Tales From the Crypt
Retailing | Retailers are “cautiously ecstatic,” ICv2 reports, ecstatic because comics sales have increased in the direct market every month for the past 12 months, and cautious because this “return to floppies” comes after years of a seesawing market and they know things can change at any time. The article contains links to the news and analysis site’s lists of the top graphic novel properties in a number of categories, including superheroes, manga, and kids’ comics. [ICv2]
Creators | The Sri Lankan political cartoonist Prageeth Eknelygoda has been missing for 1,000 days as of Tuesdayy, and his wife is convinced the government has something to do with that. [The Daily Cartoonist]
Creators | This article about T. Casey Brennan, who wrote for Creepy, Eerie and Vampirella, takes a number of weird turns, not least when Brennan claims to have shot JFK — and when he shows up in the comments section to dispute everything in the article. Brennan’s life seems to have taken a turn after he was injured in an automobile accident, and he now is homeless and but apparently happy. [The Washtenaw Voice]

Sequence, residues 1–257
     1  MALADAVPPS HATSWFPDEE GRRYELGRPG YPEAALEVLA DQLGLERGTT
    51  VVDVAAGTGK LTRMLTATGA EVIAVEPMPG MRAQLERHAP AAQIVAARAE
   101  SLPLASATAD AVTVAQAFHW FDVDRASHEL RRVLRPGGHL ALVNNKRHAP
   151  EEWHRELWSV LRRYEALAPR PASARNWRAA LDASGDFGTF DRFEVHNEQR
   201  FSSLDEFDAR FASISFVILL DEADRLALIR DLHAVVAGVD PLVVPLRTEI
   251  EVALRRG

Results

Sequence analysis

To see what Ed and the Robot 6 crew have been reading lately, click below.
Libraries | A committee recommended Monday that Stuck in the Middle: 17 Comics from an Unpleasant Age, an anthology of comics about middle school edited by Ariel Schrag, should remain in the Buckfield Junior-Senior High School library in Dixfield, Maine, after the mother of a student challenged its appropriateness because of “objectionable sexual and language references.” The local school board will make a final ruling in January. The Comic Book Legal Defense Fund and the American Library Association’s Office for Intellectual Freedom sent a letter of support for the book prior to the hearing. A school board in Sioux Falls, South Dakota, pulled the graphic novel from middle-school libraries in November 2009, but allowed teachers to continue to use it in class. [Sun Journal]
Digital | Charlie Sorrel looks at the iPad comic reader called, appropriately enough, Comic Reader. [Wired]